to wake up wondering

the cow outside my window (in the village of Kanda, Uttrakhand)

Oh. Creaky, rusty fingers. Of which I would prefer to point at the Himalayan monsoons in blame.  But really, we all know, the real culprit is disuse.

Blog content comes to me like the first bubble on the bottom of a pan being watched for boil. I wait. And then there’s this tiny thought. And I stare at it. And recognize that there might be something there. But if I get impatient, distracted, and walk away to water a wilted plant, turn another page into the next chapter on my book, or remember an online bill that I have to pay today – well then the pot boils down behind my back. And even if I remember it, and run back, I find myself scratching my head over my initial intended use.  What was it I was, again, I was watching or waiting for?

On the other hand, if I focus, meditate really, on that first bubble. (And it is not easy.) If I put aside the natural ADD of the mundane world and really WATCH that bubble. Then before I know it, there’s another by its side. And then the whole bottom of the pan has suddenly multiplied with these tiny, disorganized but themed dots of thought. And that’s exactly the moment when I need to grab a pen or saddle into my keyboard. For a moment too late, and it’s still all steamed away.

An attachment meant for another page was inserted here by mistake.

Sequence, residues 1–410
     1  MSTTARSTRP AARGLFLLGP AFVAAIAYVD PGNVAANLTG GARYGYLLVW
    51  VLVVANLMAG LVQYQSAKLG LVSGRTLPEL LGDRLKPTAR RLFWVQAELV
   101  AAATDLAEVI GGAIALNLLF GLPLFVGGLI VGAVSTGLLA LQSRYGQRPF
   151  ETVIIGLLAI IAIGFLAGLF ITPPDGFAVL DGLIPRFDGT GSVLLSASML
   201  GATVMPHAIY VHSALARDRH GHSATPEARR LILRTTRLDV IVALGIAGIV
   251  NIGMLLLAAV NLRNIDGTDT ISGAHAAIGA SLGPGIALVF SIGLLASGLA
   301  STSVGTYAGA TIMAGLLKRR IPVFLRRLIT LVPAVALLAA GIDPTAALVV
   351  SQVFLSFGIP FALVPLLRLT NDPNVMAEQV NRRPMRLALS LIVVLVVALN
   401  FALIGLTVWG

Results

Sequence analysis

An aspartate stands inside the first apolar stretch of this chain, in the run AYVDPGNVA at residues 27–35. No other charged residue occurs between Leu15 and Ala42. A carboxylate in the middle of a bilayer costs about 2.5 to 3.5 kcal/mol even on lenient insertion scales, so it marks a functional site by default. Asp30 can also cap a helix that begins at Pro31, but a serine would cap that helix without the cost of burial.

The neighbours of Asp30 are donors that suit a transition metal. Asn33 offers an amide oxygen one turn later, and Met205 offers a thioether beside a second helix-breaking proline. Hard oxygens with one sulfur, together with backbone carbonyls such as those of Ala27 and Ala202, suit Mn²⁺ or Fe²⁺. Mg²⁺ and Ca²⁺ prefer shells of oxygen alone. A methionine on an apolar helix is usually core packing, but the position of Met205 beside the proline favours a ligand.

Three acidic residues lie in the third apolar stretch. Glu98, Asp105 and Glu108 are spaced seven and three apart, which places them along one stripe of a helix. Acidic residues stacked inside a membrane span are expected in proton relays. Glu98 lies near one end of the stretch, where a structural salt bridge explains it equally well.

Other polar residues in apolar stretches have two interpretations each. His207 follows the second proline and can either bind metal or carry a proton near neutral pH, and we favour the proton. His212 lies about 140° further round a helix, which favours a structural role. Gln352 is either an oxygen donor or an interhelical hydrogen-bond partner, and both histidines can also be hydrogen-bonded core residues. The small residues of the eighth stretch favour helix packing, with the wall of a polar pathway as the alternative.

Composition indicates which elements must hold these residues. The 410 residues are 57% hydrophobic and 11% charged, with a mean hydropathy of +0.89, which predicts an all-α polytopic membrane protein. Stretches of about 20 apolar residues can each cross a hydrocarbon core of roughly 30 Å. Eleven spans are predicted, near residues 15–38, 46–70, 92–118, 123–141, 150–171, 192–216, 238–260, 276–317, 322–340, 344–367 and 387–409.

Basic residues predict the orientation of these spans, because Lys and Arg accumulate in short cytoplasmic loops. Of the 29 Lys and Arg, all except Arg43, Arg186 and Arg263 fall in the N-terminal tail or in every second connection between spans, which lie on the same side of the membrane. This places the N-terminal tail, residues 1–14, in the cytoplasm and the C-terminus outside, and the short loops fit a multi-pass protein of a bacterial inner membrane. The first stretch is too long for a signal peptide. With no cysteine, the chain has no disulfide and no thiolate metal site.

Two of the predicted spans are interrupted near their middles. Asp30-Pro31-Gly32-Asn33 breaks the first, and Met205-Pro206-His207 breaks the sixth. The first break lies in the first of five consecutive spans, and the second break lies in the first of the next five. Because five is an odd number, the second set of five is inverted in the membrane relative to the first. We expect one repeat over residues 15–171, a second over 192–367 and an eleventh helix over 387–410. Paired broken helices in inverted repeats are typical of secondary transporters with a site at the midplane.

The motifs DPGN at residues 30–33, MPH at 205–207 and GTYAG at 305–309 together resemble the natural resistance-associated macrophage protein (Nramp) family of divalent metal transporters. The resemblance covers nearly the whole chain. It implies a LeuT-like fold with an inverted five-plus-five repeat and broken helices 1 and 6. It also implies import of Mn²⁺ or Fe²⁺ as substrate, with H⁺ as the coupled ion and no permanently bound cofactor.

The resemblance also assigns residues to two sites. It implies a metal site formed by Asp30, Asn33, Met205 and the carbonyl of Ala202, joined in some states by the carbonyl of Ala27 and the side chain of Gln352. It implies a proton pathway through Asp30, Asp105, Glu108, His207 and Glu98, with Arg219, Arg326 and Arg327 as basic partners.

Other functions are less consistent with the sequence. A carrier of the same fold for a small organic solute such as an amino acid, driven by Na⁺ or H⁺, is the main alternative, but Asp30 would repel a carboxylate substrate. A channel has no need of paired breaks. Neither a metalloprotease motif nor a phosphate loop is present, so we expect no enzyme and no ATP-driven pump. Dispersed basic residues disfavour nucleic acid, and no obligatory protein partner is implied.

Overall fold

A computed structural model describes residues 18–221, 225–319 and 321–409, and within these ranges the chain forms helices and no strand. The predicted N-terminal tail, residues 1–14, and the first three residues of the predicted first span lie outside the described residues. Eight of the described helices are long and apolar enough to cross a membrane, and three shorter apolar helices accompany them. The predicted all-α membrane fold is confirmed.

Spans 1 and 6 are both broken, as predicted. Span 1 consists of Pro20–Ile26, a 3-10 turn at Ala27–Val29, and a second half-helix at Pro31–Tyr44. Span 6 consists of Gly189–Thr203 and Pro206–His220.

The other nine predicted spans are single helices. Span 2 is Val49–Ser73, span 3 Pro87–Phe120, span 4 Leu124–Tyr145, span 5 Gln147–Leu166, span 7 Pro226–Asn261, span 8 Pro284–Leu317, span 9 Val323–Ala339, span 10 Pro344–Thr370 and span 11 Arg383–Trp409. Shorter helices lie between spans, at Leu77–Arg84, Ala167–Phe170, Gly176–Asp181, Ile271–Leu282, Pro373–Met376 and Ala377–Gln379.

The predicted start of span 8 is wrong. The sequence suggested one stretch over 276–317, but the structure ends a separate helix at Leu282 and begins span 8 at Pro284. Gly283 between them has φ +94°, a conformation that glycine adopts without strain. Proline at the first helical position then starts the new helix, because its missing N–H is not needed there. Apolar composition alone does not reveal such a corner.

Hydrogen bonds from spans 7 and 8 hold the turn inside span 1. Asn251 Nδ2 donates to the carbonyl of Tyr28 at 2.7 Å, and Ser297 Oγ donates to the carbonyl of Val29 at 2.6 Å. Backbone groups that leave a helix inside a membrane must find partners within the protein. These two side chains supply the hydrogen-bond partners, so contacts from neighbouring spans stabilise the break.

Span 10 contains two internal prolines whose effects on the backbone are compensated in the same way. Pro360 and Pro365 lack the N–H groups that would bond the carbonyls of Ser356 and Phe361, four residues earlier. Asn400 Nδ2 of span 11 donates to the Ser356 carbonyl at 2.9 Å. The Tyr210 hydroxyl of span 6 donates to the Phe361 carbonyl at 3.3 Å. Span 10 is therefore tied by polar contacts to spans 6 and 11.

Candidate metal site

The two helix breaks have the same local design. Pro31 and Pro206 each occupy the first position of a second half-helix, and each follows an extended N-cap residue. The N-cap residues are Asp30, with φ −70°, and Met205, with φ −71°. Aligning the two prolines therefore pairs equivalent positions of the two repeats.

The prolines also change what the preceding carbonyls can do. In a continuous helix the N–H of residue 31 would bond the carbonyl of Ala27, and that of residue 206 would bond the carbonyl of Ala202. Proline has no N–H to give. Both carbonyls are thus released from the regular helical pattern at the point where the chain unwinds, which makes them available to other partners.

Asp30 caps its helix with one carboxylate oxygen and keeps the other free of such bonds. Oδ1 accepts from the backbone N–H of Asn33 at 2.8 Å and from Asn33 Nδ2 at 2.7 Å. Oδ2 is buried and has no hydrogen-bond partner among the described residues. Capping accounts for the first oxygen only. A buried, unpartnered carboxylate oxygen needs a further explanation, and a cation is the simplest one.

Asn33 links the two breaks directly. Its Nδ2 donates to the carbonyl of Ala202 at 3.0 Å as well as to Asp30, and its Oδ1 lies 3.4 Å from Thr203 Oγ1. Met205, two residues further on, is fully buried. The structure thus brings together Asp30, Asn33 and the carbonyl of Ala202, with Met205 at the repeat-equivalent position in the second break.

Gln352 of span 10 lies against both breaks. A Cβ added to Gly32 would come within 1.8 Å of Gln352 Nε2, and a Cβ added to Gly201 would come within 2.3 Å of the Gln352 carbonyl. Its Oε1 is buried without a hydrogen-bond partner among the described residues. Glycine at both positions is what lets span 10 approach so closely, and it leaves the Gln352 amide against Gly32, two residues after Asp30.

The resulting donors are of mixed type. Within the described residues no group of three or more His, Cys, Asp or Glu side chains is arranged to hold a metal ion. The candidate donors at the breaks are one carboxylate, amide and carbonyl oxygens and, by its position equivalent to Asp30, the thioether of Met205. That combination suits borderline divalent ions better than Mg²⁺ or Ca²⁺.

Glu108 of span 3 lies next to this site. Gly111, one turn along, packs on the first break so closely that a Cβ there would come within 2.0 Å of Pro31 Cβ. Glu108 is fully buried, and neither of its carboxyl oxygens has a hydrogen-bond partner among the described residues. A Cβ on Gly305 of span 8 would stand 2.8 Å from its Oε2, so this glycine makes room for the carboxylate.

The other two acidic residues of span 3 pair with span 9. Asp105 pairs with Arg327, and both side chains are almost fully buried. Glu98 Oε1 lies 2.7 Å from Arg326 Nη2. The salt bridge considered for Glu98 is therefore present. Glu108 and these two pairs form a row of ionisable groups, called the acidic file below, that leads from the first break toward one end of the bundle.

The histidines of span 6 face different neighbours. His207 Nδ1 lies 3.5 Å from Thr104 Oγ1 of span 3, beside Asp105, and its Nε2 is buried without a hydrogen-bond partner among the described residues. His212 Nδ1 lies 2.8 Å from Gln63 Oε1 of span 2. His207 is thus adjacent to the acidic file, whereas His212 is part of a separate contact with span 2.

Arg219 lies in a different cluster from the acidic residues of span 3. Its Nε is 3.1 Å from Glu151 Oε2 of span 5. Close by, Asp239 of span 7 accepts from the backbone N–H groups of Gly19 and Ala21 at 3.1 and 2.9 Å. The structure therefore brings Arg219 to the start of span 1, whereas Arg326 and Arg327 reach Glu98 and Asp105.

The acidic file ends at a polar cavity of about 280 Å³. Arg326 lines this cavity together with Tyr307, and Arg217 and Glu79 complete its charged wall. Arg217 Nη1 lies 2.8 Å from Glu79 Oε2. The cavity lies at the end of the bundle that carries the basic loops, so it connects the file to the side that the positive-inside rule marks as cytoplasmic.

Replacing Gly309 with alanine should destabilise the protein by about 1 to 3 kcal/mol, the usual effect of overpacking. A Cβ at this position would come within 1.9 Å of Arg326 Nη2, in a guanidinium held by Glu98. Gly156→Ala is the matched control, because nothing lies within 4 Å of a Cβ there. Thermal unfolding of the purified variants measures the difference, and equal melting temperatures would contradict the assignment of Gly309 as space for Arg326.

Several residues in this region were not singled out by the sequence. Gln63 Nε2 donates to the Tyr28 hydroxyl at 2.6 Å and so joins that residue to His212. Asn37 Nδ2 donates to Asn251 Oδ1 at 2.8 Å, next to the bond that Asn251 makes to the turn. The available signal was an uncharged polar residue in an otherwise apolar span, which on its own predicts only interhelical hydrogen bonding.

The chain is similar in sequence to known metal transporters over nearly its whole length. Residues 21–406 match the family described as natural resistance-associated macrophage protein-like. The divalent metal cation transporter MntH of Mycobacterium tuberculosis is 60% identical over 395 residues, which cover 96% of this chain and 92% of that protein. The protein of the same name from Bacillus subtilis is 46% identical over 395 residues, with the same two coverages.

So this the first bubble spotted on my bottom of my unboiled thought: “I wonder how these sheets were dried?”

A little context:

I’ve flown for 14 hours and two days into the future and landed in the ever-dusky city of Delhi. Delirious with time travel, I tip out the taxi driver, uncurl my stiff Hindi tongue and hand over my passport to the hotel manager. Without a fight, I allow a boy to take my bag and show me to my room, collapse into bed, dissolve a melatonin pill under my tongue, and black out with the night.

When I awake, this is my first though: “I wonder how these sheets were dried?”

They smell clean.  And they are absolutely crisp. For everything, always, is pressed in India. (Even my socks are returned to me with pleats.) The hot iron, however, usually erases the story. Bleaches all sheets equal. But still I’m left smelling and wondering of the industry that dried my sheets. Was it sent to a dhobi (laundry man) as I do myself when I’m settled locally? Did he roll it up in a bundle and tie it to the back of his bike, and return it two days later, with a whistle at the door? Was it dried on a roof in this monsoon, but sweltering hot, season? Did it flutter in the fog and pollution of the city before an iron pressed the history out of it? Or was it stuffed into the people-machine of a newer urban underground industry? In this fancy, developed, city – was it actually tumbled in a dryer? I’ve heard rumors of them existing, but still never seen one in India.

Wait a minute.

Have I ever, once, woken up in hotel or bed at “home” and had an entire mental discourse on my sheets? Have I ever done more that kick them aside?

Ah yes. This is why I travel. To do less. Or more. Than just assume and kick aside. To feel the texture. To inhale deeply. To task my imagination. And to question.

To wake up wondering.

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